+1.6Ackera Nugent Jamaica27 May 2021Austin19 years, 28 days
18 11.10+0.9Kaylin Whitney United States5 July 2014Eugene16 years, 118 days
19 11.11 +0.2Shakedia Jones United States2 May 1998Westwood19 years, 48 days
+1.1Joan Uduak Ekah Nigeria2 July 1999Lausanne17 years, 224 days

Notes

  • Briana Williams ran 10.94 s at the Jamaican Championships on 21 June 2019, which would have made her the fourth fastest junior female of all-time.[87] However, she tested positive for the banned diuretic hydrochlorothiazide during the competition. She was determined to be not at fault and received no period of ineligibility to compete, but her results from the Jamaican Championships were nullified.[88][89][90]

Below is a list of all other legal times equal or superior to 11.11:

  • Briana Williams also ran 10.98 (2021), 11.00 (2021), 11.01 (2021), 11.02 (2019, 2021), 11.09 (2021), 11.10 (2019) and 11.11 (2019)
  • Sha'Carri Richardson also ran 10.99 x2 (2019).
  • Twanisha Terry also ran 11.03 (2018) and 11.08 (2018)
  • Marlies Gohr also ran 11.07 (1977) and 11.10 (1977)
  • Candace Hill also ran 11.07 (2016), 11.08 (2015) and 11.09 (2016)
  • Silke Gladisch-Moeller also ran 11.08 (1983)
  • Bianca Knight also ran 11.09 (2008) and 11.11 x2 (2008)
  • Ángela Tenorio also ran 11.09 x2 (2015) and 11.10 (2015)
  • Angela Williams (USA) also ran 11.11 (1998)
  • Kiara Grant also ran 11.11 (2019)

Top 20 Youth (under-18) boys

Updated 5 January 2020[91]

Rank Time Wind (m/s) Athlete Country Date Place Age Ref
1 10.15+2.0Anthony Schwartz United States31 March 2017Gainesville16 years, 207 days[92]
2 10.16-0.3Erriyon Knighton United States23 May 2021Boston, Massachusetts17 years, 114 days[93]
3 10.19+0.5Yoshihide Kiryu Japan3 November 2012Fukuroi16 years, 324 days
4 10.20+1.4Darryl Haraway United States15 June 2014Greensboro17 years, 87 days
+1.5Tlotliso Leotlela South Africa7 September 2015Apia17 years, 118 days[94]
+2.0Sachin Dennis Jamaica23 March 2018Kingston15 years, 233 days[95]
6 10.22+1.0Abdul Hakim Sani Brown Japan14 May 2016Shanghai17 years, 69 days
8 10.23+0.8Tamunosiki Atorudibo Nigeria23 March 2002Enugu17 years, 2 days
+1.2Rynell Parson United States21 June 2007Indianapolis16 years, 345 days
10 10.24+0.0Darrel Brown Trinidad and Tobago14 April 2001Bridgetown16 years, 185 days
11 10.25+1.5J-Mee Samuels United States11 July 2004Knoxville17 years, 52 days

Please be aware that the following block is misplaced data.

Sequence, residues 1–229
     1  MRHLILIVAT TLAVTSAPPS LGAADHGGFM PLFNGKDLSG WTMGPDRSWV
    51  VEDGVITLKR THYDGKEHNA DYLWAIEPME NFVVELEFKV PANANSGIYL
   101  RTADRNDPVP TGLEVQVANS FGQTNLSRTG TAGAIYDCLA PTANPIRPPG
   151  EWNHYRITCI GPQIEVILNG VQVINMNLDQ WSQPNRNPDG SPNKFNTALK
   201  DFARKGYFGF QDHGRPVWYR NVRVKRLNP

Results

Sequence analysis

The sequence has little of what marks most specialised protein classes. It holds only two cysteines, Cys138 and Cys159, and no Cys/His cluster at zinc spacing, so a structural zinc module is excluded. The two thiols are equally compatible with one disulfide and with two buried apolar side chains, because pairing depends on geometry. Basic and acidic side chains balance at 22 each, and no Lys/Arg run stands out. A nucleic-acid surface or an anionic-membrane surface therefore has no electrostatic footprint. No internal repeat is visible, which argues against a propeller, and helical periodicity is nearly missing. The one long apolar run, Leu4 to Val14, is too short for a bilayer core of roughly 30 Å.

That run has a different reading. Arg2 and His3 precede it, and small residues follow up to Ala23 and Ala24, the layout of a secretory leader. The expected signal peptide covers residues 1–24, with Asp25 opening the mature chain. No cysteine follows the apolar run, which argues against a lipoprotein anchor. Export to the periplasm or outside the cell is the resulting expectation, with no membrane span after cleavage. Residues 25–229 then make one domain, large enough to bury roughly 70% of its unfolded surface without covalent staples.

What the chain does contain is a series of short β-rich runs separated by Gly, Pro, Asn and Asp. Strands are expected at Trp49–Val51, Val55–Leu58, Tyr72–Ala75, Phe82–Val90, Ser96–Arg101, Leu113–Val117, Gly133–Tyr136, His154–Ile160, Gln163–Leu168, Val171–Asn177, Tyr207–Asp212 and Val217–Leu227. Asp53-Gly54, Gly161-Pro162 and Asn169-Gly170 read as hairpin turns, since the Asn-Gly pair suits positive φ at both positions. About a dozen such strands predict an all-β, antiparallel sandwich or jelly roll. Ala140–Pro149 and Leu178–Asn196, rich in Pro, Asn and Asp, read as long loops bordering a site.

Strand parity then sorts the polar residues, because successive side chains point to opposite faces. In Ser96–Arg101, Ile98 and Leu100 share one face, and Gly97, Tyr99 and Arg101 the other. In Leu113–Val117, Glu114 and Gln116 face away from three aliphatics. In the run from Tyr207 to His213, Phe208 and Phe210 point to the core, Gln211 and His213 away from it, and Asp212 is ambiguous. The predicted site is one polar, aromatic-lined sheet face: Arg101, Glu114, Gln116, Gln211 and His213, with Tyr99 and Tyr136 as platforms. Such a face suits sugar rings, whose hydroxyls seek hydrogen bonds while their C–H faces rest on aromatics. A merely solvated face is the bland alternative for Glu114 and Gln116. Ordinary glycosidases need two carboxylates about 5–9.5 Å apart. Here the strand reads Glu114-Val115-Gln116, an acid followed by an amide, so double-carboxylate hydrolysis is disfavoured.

+1.6Jeff Demps United States1 August 2007Knoxville17 years, 205 days
+0.9Jhevaughn Matherson Jamaica5 March 2016Kingston17 years, 7 days[96]
14 10.26+1.2Deworski Odom United States21 July 1994Lisbon17 years, 101 days
−0.1Sunday Emmanuel Nigeria18 March 1995Bauchi16 years, 161 days
16 10.27+0.2Henry Thomas United States19 May 1984Norwalk16 years, 314 days
+1.6Curtis Johnson United States30 June 1990Fresno16 years, 188 days
+1.0Ivory Williams United States8 June 2002Sacramento17 years, 37 days
−0.2Jazeel Murphy Jamaica23 April 2011Montego Bay17 years, 55 days
+1.9Raheem Chambers Jamaica20 April 2014Fort-de-France16 years, 196 days

Top 15 Youth (under-18) girls

Updated 5 January 2020[97]

RankTimeWind (m/s)AthleteNationDatePlaceAgeRef
1 10.98+2.0Candace Hill United States20 June 2015Shoreline16 years, 129 days[82]
2 11.02+0.8Briana Williams Jamaica8 June 2019Albuquerque17 years, 79 days
3 11.10+0.9Kaylin Whitney United States5 July 2014Eugene16 years, 118 days[98]
4 11.13+2.0Chandra Cheeseborough United States21 June 1976Eugene17 years, 163 days
+1.6Tamari Davis United States9 June 2018Montverde15 years, 159 days
6 11.14+1.7Marion Jones United States6 June 1992Norwalk16 years, 238 days
−0.5Angela Williams United States21 June 1997Edwardsville17 years, 142 days
8 11.16+1.2Gabrielle Mayo United States22 June 2006Indianapolis17 years, 147 days
+0.9Kevona Davis Jamaica23 March 2018Kingston16 years, 93 days
10 11.17 [A]+0.6Wendy Vereen United States3 July 1983Colorado Springs17 years, 70 days
11 11.190.0Khalifa St. Fort Trinidad and Tobago16 July 2015Cali17 years, 153 days
12 11.20 [A]+1.2Raelene Boyle Australia15 October 1968Mexico City17 years, 144 days
13 11.24−1.0Ewa Swoboda Poland4 June 2015Sankt Pölten17 years, 313 days
14 11.24+1.2Jeneba Tarmoh United States22 June 2006Indianapolis16 years, 268 days
+0.8Jodie Williams Great Britain31 May 2010Bedford16 years, 245 days

Notes